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Wednesday, 16 February 2022

How To Care for Your Pet Without Going Broke

Pet ownership appears to be straightforward on the surface. Pets bring unconditional affection, companionship, and, for many, a sense of family, while humans provide for their fundamental requirements (food, water, shelter, activity, and health care). Veterinary medicine has advanced to the point where pet owners can now treat ailments that were previously thought to be incurable.

When we look at the costs connected with these solutions, however, there are a number of significant difficulties to consider.

6 Financial Tips for Pet Owners

What can pet owners do to ensure that their dogs receive high-quality veterinarian care without going into debt or feeling guilty? I have six suggestions for you.

1. Preventive measures should be taken. Vaccination, heartworm, flea, and tick prophylaxis, and deworming are all common preventive measures in veterinary medicine. These occurrences are most common during yearly examinations, which are suggested for all pets, regardless of age, breed, or gender.

When it comes to the benefit to their pet's health, owners sometimes struggle to appreciate the relevance of these measures.

2. Take into account the environment. Certain infectious diseases are more common in specific geographic areas (for example, Lyme disease in the Northeast) or among specific demographic groups (e.g., outdoor cats are more at risk for contracting feline leukemia). As a result, having an open and honest conversation with your veterinarian about your pet's individual hazards may assist adapt these annual tests to the needs of that specific patient.

3. Investigate pet insurance. Pet insurance is one option for easing the financial strain of health-care expenses. Plans can be purchased and adjusted to a specific pet's (or owner's) needs, which can greatly lessen the financial burden on owners, particularly in the case of emergency crises or chronic conditions.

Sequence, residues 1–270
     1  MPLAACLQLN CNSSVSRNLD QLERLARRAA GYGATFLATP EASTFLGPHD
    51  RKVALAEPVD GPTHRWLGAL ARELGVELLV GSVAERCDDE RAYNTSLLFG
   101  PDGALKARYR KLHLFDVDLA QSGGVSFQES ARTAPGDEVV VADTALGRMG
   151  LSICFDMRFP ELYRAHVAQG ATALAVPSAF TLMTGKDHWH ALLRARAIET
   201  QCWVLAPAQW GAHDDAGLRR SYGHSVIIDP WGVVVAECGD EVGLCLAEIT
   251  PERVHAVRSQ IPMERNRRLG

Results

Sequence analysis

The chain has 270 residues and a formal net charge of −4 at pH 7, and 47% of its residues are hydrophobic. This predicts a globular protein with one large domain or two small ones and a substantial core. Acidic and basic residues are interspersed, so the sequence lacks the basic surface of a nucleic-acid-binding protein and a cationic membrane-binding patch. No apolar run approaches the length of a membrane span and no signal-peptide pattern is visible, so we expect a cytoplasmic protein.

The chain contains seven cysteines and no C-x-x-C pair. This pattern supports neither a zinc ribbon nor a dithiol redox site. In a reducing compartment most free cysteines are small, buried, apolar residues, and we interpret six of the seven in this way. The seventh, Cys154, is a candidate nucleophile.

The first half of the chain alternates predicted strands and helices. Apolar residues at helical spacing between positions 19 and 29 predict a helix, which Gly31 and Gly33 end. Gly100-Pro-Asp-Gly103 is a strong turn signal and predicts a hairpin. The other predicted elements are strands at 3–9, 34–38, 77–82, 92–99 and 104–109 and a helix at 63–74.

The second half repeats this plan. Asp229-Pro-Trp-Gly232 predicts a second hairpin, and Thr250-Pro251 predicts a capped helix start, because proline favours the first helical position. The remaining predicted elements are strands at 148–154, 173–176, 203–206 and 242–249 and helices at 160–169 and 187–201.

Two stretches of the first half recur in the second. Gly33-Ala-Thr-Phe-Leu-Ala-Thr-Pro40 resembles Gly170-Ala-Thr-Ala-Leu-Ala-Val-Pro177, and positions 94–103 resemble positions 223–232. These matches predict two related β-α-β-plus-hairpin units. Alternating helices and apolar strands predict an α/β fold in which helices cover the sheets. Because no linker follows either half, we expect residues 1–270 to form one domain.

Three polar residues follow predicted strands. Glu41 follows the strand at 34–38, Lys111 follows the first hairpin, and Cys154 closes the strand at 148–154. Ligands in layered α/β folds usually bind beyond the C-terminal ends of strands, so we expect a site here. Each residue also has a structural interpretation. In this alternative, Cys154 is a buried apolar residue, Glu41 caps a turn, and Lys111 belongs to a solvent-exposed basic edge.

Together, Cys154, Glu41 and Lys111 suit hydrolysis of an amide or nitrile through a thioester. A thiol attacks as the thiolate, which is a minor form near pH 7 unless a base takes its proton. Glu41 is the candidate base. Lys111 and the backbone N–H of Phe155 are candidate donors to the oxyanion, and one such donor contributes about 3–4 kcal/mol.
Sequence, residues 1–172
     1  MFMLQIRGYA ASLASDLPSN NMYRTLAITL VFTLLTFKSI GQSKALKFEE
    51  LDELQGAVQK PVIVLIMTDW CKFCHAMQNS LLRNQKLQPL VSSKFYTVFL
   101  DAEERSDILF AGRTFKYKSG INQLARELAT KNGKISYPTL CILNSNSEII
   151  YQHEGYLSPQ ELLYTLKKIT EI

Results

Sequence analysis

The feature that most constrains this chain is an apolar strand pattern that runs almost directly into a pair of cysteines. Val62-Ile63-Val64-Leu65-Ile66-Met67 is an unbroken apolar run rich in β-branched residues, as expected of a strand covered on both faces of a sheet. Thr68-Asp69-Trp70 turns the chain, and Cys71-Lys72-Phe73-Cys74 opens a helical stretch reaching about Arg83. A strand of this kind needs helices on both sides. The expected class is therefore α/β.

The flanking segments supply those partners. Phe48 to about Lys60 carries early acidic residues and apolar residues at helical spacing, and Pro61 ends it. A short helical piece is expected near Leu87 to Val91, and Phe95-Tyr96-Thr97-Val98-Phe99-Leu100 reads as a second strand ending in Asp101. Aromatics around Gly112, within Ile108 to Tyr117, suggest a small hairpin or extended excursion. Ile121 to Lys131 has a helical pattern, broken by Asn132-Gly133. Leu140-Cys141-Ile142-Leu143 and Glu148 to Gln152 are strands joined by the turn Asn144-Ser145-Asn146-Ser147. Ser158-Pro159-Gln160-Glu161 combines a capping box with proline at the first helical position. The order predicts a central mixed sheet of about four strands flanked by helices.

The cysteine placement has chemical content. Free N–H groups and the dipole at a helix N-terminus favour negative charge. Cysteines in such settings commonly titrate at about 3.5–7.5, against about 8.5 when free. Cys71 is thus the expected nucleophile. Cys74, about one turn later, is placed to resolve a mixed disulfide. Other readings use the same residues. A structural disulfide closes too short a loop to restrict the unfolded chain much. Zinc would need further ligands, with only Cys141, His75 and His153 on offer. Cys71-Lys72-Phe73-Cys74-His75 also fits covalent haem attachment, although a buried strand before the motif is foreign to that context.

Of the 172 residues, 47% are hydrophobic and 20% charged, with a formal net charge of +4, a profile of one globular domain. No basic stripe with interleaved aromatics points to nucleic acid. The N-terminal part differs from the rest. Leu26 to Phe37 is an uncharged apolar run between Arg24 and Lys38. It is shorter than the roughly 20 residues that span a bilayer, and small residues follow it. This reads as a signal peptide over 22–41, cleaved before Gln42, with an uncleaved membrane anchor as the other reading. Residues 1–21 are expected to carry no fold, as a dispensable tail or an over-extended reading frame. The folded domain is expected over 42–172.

Because policies may not cover pre-existing conditions, many pet owners find that purchasing plans when their pets are young and healthy provides the best value.

4. Purchase prescription medications from a different source. Prescription drugs are frequently available outside of the veterinary clinic, either through "human" retail pharmacies or on the internet. Generic versions of drugs for pets are less expensive than brand names, just as they are for humans.

Inquire with your veterinarian about a less expensive source for prescription medications. It's possible that you'll have to phone numerous pharmacies and weigh your options, but it'll be well worth your effort.

5. Seek financial assistance. Several organizations provide financial support to business owners who can prove their necessity. Owners may be eligible for grants or loans to assist with the cost of treatment for specific illnesses or even ordinary care.

Senior individuals, pet owners with several pets, and those who have served in the military or emergency services may be eligible for discounts from some veterinarians (police, firefighters, EMTs, etc.).

It's also conceivable that your veterinarian will work out a payment plan with you. It's never a bad idea to inquire!

6. Carefully select your pet's medical care. While there are some veterinarians that provide low-cost services, I would advise pet owners to be cautious when making decisions about their pet's health care based solely on price. The adage "you get what you pay for" holds true in many aspects of life.

For example, one hospital's procedure may be substantially less expensive than another's, but is this because no pain meds are given? Or is it because the patient is not monitored when under anesthesia or when an IV catheter is in place during surgery? In some situations, cutting corners may save money, but also puts the animal at greater risk of complications or death.

The best advise I can give is to be open and honest with your veterinarian about your worries, and to work together to develop a plan that puts recommendations for your pet's health over your personal and financial concerns.

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